ISI Inspection Information for Heads

posted: Tuesday, 19 January 2016

The ISI document, “Handbook for the Inspection of Schools”, contains guidelines of what inspectors will require from a school in sections 150 – 154 when looking at their off-site visits.

150. Inspectors must exercise professional judgement in assessing the adequacy of the school’s documentation and provide advice as necessary to help schools in being vigilant about the welfare of pupils. In addition, the advice states that schools may wish to include any of the following in their health and safety policy and associated risk assessment.

(a) Training of staff in health and safety, including risk assessment


d) Policy and procedures for off-site visits, including residential visits and any school-led adventure activities. (Note the specific legal responsibility Independent Schools have when using third part providers.)


e) Dealing with health and safety emergencies – procedures and contacts

and the following items 151 – 154 (see below).”

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151. Educational visits are no longer treated separately from other aspects of health and safety. The DfE advice seeks to make it easier for schools to take pupils on trips, removing paperwork and taking steps to reduce teachers’ fears of legal action and stating that it is rare for teachers to be prosecuted under criminal law with regard to accidents involving children. There is no requirement to have an Educational Visits Coordinator (EVC). Schools should remain mindful of any requirements set by their insurers when planning educational visits.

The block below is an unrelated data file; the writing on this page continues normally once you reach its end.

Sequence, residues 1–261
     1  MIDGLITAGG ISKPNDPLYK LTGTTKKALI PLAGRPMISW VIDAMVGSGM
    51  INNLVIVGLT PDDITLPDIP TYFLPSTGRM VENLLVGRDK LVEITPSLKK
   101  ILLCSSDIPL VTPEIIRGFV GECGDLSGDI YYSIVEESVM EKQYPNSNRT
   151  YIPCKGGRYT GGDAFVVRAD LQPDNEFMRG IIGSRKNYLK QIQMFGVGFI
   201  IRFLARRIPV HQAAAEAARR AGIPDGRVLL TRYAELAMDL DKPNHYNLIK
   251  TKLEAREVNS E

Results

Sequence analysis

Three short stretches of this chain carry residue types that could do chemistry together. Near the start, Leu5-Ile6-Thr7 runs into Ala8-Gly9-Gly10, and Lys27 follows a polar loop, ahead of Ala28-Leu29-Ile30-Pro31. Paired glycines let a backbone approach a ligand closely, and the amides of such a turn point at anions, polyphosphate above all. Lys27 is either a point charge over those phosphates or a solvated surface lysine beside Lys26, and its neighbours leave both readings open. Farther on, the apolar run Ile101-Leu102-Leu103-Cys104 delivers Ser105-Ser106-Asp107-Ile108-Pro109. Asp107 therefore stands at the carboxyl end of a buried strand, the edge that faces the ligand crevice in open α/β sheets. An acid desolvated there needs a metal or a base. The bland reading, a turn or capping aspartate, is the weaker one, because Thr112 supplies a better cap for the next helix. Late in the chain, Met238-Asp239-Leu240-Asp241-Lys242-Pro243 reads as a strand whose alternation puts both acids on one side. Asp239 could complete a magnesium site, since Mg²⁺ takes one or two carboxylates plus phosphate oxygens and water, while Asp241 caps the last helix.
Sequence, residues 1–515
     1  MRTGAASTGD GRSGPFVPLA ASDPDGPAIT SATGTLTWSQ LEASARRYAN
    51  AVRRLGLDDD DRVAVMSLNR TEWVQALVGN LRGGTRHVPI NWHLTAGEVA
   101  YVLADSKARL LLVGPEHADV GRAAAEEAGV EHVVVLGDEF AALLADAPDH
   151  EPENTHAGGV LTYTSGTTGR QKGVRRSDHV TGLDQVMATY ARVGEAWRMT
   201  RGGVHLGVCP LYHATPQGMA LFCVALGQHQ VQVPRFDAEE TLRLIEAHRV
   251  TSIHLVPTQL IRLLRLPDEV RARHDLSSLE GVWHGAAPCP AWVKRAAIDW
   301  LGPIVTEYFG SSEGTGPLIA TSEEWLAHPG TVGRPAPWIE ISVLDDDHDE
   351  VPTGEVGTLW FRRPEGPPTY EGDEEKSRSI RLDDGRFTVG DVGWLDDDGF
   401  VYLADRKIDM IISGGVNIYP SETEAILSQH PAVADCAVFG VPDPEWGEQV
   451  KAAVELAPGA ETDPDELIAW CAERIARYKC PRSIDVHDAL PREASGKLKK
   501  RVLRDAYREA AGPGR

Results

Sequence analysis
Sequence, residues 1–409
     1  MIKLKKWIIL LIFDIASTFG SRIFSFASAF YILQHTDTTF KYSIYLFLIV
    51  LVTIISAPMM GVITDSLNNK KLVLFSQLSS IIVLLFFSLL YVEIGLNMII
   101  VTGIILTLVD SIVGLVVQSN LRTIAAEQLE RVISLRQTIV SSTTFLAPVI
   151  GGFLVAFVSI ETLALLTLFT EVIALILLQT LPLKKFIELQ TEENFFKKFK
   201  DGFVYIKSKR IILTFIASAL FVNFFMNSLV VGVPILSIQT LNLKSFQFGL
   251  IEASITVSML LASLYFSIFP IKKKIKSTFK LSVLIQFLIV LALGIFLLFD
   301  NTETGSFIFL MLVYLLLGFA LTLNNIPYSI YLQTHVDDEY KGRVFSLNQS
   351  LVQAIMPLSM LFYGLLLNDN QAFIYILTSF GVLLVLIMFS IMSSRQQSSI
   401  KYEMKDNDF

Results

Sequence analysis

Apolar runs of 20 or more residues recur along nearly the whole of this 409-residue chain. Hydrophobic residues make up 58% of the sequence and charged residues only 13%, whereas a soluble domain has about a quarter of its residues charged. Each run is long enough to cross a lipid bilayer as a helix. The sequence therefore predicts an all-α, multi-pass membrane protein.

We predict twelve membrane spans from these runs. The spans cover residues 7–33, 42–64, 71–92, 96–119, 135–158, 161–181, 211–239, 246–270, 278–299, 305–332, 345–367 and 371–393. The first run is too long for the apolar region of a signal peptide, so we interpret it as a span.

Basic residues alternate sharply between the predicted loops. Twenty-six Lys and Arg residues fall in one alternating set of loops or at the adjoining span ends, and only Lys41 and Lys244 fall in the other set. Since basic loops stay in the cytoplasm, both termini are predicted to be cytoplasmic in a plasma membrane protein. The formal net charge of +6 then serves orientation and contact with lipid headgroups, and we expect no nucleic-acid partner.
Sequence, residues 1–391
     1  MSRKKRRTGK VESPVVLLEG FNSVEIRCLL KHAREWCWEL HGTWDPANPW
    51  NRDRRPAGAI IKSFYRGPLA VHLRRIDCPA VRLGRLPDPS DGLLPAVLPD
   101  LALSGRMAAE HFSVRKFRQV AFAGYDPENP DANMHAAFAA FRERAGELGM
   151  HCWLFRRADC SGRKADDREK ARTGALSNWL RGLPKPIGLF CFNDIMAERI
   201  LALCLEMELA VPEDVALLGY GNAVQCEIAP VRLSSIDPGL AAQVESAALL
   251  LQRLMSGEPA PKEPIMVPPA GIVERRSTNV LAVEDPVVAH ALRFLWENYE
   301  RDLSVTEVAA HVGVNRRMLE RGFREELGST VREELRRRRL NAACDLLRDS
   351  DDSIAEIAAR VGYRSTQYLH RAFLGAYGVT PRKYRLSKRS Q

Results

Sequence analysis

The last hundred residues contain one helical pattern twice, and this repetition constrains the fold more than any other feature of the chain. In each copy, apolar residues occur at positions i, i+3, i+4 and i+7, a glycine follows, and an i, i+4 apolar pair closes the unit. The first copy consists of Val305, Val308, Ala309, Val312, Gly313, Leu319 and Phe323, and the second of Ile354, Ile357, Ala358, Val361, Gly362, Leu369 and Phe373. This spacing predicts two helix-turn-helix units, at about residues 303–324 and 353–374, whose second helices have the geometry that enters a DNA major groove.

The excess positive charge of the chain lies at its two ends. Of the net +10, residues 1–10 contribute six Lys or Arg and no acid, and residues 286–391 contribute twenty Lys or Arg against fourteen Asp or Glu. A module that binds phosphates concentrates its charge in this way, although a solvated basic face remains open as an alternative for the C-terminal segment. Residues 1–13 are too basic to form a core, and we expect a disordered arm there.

152. A written risk assessment is not required for every visit and schools should make the decision about when to carry out a risk assessment. However, where a risk assessment is carried out, the employer must record the significant findings of the assessment. A risk assessment is not needed every time a school takes pupils to a local venue such as a swimming pool, a park or a museum. Circumstances when a risk assessment is appropriate would include activities away from school; for example. mountaineering, canoeing, and sailing. Trips abroad also need careful attention to duties under health and safety.

153. Written consent from parents is not required for pupils to take part in the majority of off-site activities organised by the school as most of these activities take place during school hours and are a normal part of the child’s education at the school. However, parents should be told where their child will be when not on school premises and of any extra safety measures required. This can be via a specific communication, or a more general termly calendar or similar. Written consent is usually only requested for activities that need a higher level of risk management or those that take place outside school hours. A ‘one-off’ consent form may be used for parents to sign when their child enrols at the school but it is for the school to decide on how parental consent is to be sought.

154. When planning an activity involving caving, climbing, trekking, skiing or watersports, schools must currently check that the provider holds a licence as required by the Adventure Activities Licensing Regulations 2004 (for England, Scotland and Wales). Two additional pieces of guidance have been published about health and safety issues. DfE have provided guidance on the requirements for driving minibuses, replacing the section previously located within the general health and saftey guidance.